Industry, however, believes that the quality control order (QCO), which applies to imported and domestically produced beds and chairs, is putting excessive burden on them as they are tough to comply with. Companies such as IKEA and industry bodies have sought a relook at the standards, arguing that they should be aligned with international standards. They also want a phased implementation plan, instead of rolling them out in one shot.
The government proposes to bring wooden furniture under QCO from 2025.
At a recent meeting convened by consumer affairs secretary Rohit Kumar Singh, BIS officials argued that user behaviour in India is different from several other parts of the world where companies like IKEA operate. People in India, for instance, climb on to a table or a bed to clean a ceiling fan, which are non-existent in many parts of Europe, for instance.
The problem is not limited to wooden furniture alone with several other industries such as footwear and toys also raising the red flag over QCOs. In certain areas such as footwear, the government has more or less stood firm, arguing that the consumers deserve good quality products, although certain exemptions, such as those for Kolhapuri chappals, have been made. Besides, micro and small industries are exempted from complying with QCOs.
The consumer affairs department and the department for promotion of industry and internal trade (DPIIT) have been at the forefront of the initiative, which is also aimed at checking the entry of cheap Chinese products that are often sub-standard, putting the safety of consumers at risk. In all, more than 300 QCOs have been issued so far – ranging from locks to fans to stainless steel cookware, pressure cookers and helmets for two wheelers.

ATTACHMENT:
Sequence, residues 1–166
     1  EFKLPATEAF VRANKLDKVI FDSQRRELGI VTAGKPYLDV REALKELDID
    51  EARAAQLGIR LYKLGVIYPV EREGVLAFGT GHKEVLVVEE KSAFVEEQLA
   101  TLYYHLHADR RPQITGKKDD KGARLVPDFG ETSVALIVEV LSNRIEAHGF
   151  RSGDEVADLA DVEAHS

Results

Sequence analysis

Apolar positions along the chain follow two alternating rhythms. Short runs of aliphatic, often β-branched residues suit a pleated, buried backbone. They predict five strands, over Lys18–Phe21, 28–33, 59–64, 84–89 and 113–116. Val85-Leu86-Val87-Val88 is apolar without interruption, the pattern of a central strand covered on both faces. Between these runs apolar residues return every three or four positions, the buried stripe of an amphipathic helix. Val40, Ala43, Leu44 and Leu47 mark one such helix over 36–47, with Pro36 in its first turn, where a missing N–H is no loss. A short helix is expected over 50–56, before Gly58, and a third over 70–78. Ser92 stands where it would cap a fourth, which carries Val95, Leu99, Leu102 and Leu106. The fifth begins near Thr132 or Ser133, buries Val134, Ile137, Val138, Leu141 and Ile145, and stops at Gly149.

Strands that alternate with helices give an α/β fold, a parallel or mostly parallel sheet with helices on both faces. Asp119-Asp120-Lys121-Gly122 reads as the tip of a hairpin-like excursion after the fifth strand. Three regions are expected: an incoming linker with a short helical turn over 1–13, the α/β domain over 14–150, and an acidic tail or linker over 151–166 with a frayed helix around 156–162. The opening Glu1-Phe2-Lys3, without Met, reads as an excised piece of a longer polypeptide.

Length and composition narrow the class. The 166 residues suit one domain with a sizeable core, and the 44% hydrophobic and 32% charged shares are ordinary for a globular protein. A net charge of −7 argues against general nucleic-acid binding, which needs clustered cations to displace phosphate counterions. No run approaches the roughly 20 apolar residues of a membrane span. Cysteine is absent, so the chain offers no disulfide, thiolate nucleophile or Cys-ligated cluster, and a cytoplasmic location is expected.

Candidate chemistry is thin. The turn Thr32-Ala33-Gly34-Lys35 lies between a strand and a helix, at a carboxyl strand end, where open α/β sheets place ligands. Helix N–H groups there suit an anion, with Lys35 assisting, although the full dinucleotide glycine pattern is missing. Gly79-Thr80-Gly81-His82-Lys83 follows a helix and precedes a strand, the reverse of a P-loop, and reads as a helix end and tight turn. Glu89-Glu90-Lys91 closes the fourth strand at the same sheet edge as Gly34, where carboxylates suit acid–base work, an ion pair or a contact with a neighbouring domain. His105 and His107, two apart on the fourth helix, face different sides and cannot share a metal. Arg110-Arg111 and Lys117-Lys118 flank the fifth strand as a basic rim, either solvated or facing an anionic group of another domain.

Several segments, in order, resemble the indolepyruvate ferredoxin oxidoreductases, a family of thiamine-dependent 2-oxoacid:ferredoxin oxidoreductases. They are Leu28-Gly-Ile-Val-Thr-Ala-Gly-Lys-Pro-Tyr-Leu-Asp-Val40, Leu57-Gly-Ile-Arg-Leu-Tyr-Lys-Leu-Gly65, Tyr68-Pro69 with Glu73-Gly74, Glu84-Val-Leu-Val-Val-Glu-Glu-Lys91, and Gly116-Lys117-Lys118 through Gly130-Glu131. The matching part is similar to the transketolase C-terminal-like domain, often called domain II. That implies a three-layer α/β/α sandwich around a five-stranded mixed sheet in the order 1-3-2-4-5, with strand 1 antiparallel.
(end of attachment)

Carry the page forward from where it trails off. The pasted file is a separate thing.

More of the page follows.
Amid pressure from industry, BIS has defended its actions. “Our specifications (for wooden furniture) are similar to BISMA standards in the US. They have been suggested considering both the use and misuse of the products in our homes and offices. The performance-based tests have been proposed considering our conditions,” argued an official.
The consumer affairs secretary has asked the BIS to find a middle path – one that does not compromise on quality and yet, does not stifle the industry. “The BIS has said it will hold more discussions with industry. Industry is equally committed to ensure the safety of users of such furniture. We are hopeful of a way out that’s best for the consumers and industry,” said Huzefa Samplewala, president of the Association of Manufacturers and Traders (AFMT).
IKEA confirmed participating in the meeting in the consumer affairs department. “At IKEA, we welcome India-specific quality certifications and the government’s commitment of providing quality products to consumers. IKEA has stood for good quality, health and safety in the 80 years of its existence. The Indian furniture industry is diverse, widespread and largely unorganised. It is vital that the process is done with wide industry consultation and a fact-based study to ensure that the interests of all stakeholders including MSMEs, exporters and consumers are taken into consideration. It needs to ensure harmonisation with global standards in accordance with WTO norms, easy process and adequate implementation time to avoid business disruption,” the company spokesperson said.